STUTTGART, Germany -- A Nigerian delegation met with representatives from U.S. Africa Command and its component organizations, Sept. 10, 2009, in Stuttgart, Germany to discuss their goals and objectives for the coming year.

As U.S. Africa Command begins setting plans for its theater security cooperation events in Africa for the approaching fiscal year, command personnel have emphasized the importance of reaching out to African military leaders for their input, recommendations, and requirements.

The Nigerian delegation, which included six Nigerian senior flag officers responsible for military training, as well as country team members from the Embassy in Abuja, traveled to Stuttgart to meet with their U.S. military counterparts and assist in planning the agenda for U.S.-Nigerian cooperation events for fiscal year 2010.

Prior to Africa Command's stand-up in October 2008, engagement plans with Nigeria were coordinated by U.S. European Command, which drafted up plans for Theater Security Cooperation events and presented them to Nigerian leaders through Embassy country teams.

According to U.S. Africa Command's regional division chief for West and Central Africa, Col. Ross Clemons, U.S. Africa Command wants to take a more interactive approach.

"We want to make this a two-way process, and we don't want to apportion resources or determine our engagement strategies with your countries without having you fully on board and guiding us to apportion these resources," Clemons explained to the Nigerian officers.

U.S. Africa Command participants included several representatives from the Strategy, Plans, and Programs (SPP) directorate, as well as at least one representative from each service or component organization, including U.S. Marine Forces Africa, the U.S. Coast Guard, U.S. Air Forces Africa (also known as 17th Air Force), U.S. Army Africa, Special Operations Command-Africa, and the California National Guard. Also participating was a representative from the Defense Threat Reduction Agency.

Cpt. Craig Barkley Lloyd, Coast Guard Liaison at U.S. Africa Command, explained that a list of proposed events was developed based on the requests of Nigerians in coordination with the U.S. Embassy country teams in Abuja. The purpose of today's meeting, he said, is to discuss each event and ensure that it is in line with the objectives of the Nigerians.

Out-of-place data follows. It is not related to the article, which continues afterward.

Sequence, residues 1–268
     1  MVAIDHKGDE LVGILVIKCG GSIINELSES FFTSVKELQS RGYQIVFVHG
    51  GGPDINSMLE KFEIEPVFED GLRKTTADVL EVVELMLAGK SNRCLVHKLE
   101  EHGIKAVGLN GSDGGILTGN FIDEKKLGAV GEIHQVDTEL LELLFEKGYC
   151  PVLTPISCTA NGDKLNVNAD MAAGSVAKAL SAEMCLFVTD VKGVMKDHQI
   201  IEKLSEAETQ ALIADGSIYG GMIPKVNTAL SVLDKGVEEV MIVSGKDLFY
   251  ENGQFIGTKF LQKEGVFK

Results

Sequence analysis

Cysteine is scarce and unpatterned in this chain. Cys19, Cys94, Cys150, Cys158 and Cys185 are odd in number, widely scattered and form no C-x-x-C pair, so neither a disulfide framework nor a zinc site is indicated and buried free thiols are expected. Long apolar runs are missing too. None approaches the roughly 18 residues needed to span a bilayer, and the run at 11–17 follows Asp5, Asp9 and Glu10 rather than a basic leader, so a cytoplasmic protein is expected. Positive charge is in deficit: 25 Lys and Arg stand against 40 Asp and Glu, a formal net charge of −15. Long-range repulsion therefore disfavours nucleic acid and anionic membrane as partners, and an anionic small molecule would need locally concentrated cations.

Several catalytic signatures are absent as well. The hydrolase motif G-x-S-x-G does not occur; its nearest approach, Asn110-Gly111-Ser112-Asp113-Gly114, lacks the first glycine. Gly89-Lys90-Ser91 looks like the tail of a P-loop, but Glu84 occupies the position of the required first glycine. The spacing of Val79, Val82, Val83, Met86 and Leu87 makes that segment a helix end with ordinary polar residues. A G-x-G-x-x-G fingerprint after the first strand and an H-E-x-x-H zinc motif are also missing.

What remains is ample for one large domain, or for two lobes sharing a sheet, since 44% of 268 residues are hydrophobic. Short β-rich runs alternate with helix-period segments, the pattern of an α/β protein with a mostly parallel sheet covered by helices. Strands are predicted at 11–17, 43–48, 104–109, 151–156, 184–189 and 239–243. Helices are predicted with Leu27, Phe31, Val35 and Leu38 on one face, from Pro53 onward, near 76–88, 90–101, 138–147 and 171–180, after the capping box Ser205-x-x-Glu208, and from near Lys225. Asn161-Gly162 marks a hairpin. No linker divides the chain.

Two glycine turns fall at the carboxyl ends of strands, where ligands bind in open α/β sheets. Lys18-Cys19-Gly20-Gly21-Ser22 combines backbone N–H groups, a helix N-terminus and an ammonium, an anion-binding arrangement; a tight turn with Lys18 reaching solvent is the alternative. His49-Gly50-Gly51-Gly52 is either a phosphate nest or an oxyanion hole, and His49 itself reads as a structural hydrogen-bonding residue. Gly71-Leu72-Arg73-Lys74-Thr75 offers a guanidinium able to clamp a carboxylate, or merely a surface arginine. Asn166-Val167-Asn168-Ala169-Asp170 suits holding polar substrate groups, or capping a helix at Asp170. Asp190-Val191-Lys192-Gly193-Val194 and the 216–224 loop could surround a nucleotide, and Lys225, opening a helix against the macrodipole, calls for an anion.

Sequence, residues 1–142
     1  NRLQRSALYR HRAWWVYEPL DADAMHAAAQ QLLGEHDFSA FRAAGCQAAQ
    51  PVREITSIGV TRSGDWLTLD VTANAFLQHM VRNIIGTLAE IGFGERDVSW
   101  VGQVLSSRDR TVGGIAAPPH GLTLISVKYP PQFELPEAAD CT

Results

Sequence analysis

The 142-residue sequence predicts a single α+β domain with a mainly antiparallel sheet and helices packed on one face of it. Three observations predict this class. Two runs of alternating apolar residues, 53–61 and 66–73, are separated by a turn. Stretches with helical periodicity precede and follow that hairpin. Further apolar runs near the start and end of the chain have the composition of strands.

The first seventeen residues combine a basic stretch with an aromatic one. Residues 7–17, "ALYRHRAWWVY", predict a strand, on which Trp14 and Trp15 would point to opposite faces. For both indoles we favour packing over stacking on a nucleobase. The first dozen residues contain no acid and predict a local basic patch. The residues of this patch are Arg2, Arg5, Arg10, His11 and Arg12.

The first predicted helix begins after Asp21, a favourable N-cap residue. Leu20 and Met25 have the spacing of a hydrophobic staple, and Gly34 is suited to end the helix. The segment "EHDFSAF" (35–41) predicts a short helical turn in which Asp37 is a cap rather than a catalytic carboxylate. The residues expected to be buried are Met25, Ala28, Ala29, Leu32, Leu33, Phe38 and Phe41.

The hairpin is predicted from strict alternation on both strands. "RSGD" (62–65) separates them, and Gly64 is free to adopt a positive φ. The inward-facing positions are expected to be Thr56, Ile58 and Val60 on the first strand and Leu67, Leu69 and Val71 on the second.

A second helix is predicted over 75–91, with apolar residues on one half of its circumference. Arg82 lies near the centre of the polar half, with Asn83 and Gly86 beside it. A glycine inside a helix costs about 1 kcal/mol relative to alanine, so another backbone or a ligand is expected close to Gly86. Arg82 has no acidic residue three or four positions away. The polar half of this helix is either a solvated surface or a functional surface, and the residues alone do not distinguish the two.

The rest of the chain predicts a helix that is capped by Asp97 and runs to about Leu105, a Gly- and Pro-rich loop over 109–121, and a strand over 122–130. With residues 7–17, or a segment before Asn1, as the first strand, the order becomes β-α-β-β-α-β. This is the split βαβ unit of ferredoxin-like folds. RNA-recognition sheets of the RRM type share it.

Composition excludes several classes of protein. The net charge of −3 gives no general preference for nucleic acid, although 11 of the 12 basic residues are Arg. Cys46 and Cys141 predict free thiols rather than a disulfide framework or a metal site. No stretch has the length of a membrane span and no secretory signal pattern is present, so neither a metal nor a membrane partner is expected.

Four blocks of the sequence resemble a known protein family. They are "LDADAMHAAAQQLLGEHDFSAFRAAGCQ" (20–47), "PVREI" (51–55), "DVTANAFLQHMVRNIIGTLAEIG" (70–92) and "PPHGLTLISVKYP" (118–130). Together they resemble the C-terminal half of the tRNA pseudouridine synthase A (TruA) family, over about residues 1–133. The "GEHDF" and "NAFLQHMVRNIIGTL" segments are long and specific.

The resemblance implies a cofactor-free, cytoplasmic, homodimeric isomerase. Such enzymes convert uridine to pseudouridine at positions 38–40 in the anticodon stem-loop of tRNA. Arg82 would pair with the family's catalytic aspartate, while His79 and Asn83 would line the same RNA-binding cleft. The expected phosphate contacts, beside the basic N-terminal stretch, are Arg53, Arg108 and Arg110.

"This is all about listening to them," Lloyd said. "We're looking to help them transform their military from where it is now to where they want it to be."

Nigerian Army Maj. Gen. Pennape, Chief of Training and Operations at the Nigerian Defense Headquarters, said that two of his top priorities are to build capacity in Nigerian peacekeeping operations and to improve civil-military relationships.

"Our democracy is very young. We are trying to make sure we subordinate the military to civil control," said Pennape. "I think AFRICOM, having the tradition of operating in a democracy, will assist us in that process."

The Nigerian delegation was the first group invited to participate in the Theater Security Cooperation planning process at U.S. Africa Command in Stuttgart. According to Clemons, this reflects the importance of Nigeria, not only in West Africa, but in Africa at large. Similar talks have been in held in Africa with Senegal and Ghana.

While the morning session focused solely on plans for fiscal year 2010, in the afternoon, participants had the opportunity to discuss U.S.-Nigeria partnership objectives over a five-year period, which will help frame engagement activities.

"We're very happy to be here and very much enthused by the interest you've shown since our arrival," Pennape said. "We came in here hoping to engage in very meaningful discussions with you and your team, and you've not disappointed us."